var session = require('express-session');
    var passport = require('passport');
    var OidcStrategy = require('passport-openidconnect').Strategy;

    Configure Express to Use Passport.js

    Passport relies on express-session to store the user information once the user has logged in. To configure it, right below the line that reads:

    app.use(express.static(path.join(__dirname, 'public')));

    add the configuration.

      secret: 'MyVoiceIsMyPassportVerifyMe',
      resave: false,
      saveUninitialized: true

    Right below that, add the configuration that tells Express to use Passport for sessions.


    Create an Okta Application to Support Node Authentication

    If you don’t already have an account (and didn’t create one at the start of this tutorial), it’s time to sign up for one! Once you’re logged into your Okta dashboard, click on the Applications menu item and click Add Application. From the wizard, choose Web and click Next.

    Create web application

    On the Application Settings screen, name the application (I’ve named mine “PassportOidc”) and change the ports for both the Base URIs and Login redirect URIs settings. Then click Done.

    The application settings

    Configure Passport.js for OpenID Connect

    Now you’ll configure Passport.js to use Okta as your Identity Provider (IdP). To do this, right below the Passport.js configuration from the last section, tell passport to use the OidcStrategy created in the requirements.

    // set up passport
    passport.use('oidc', new OidcStrategy({
      issuer: 'https://{yourOktaDomain}/oauth2/default',
      authorizationURL: 'https://{yourOktaDomain}/oauth2/default/v1/authorize',
      tokenURL: 'https://{yourOktaDomain}/oauth2/default/v1/token',
      userInfoURL: 'https://{yourOktaDomain}/oauth2/default/v1/userinfo',
      clientID: '{ClientID}',
      clientSecret: '{ClientSecret}',
      callbackURL: 'http://localhost:3000/authorization-code/callback',
      scope: 'openid profile'
    }, (issuer, sub, profile, accessToken, refreshToken, done) => {
      return done(null, profile);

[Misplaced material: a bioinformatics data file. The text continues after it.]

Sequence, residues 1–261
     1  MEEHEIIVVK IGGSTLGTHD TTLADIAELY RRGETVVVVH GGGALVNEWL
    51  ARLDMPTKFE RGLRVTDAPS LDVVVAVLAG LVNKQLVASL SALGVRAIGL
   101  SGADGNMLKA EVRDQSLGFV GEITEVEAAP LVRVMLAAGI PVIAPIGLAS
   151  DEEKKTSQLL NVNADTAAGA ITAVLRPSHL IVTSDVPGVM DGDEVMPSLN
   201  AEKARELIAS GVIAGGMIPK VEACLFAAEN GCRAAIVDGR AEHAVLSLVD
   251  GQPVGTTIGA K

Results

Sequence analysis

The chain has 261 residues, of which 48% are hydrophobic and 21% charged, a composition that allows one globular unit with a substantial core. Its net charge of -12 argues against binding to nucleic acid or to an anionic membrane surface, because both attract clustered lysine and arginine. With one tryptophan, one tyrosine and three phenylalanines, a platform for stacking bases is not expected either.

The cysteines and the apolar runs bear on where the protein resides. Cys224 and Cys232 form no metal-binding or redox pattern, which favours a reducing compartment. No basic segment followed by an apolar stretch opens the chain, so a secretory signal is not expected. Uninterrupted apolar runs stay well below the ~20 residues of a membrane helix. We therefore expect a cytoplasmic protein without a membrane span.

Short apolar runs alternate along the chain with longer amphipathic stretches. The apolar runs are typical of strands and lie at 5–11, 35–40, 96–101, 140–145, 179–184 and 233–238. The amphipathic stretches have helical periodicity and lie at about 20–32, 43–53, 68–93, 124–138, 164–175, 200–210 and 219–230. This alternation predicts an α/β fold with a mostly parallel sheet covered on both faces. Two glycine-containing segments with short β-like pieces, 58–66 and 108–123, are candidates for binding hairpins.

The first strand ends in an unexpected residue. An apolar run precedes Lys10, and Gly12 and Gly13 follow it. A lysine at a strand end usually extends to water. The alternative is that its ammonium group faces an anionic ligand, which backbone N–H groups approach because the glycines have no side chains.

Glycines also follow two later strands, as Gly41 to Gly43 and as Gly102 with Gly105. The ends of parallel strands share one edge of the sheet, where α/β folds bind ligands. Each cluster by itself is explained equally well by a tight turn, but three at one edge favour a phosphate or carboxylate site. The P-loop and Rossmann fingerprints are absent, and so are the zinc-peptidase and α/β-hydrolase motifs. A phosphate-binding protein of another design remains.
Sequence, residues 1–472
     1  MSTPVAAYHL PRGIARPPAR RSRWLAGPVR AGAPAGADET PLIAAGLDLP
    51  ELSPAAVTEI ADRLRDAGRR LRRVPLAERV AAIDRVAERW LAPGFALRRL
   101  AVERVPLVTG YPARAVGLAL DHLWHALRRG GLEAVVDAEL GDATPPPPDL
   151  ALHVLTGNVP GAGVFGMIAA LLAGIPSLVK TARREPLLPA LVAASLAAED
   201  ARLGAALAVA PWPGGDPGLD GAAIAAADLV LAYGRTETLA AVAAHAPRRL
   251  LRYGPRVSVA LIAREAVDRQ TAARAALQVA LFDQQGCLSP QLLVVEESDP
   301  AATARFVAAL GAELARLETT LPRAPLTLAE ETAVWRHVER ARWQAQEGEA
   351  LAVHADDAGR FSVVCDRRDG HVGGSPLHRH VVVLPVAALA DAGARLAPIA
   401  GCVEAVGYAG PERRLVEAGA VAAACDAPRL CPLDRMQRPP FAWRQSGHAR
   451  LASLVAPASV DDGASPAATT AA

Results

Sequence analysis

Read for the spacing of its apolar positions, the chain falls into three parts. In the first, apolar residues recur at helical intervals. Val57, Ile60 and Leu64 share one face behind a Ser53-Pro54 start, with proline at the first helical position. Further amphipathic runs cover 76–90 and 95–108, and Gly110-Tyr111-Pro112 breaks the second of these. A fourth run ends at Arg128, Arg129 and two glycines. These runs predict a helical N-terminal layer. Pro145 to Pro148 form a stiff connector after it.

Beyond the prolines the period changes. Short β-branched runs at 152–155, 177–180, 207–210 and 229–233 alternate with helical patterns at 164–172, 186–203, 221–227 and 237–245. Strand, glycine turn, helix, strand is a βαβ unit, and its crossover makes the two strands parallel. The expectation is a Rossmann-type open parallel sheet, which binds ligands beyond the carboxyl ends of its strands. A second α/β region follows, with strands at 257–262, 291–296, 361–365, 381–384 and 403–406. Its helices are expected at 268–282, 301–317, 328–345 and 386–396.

The code above sets the name of the strategy as ‘oidc’ and set all the URLs that the strategy needs to know to pull off the authorization code flow for OpenID Connect. The issuer is the URL for your authorization server that was created for you when you signed up for an Okta developer account. You can view it by clicking on API in your Okta dashboard and choosing the Authorization Servers tab. To find the authorizationURL, tokenURL and userInfoURL settings, you can click on the default authorization server and view its settings. There is a Metadata URI setting that, by clicking on the link, will show you the .well-known document. This document tells anyone using this authorization server about the information and endpoints it can provide.

    The default authorization server settings

    The last argument is a function that pushes the profile object returned from the authentication call into req.user so that you can use it in the route handlers. You could manipulate the object you pass in so that it has other information, or save/update the user in your database.

    You’ll also need to tell Passport.js how to serialize the user information into a session. To do this, you’ll add to methods right below the configuration you just set up.

    passport.serializeUser((user, next) => {
      next(null, user);
    passport.deserializeUser((obj, next) => {
      next(null, obj);

    Call Passport.js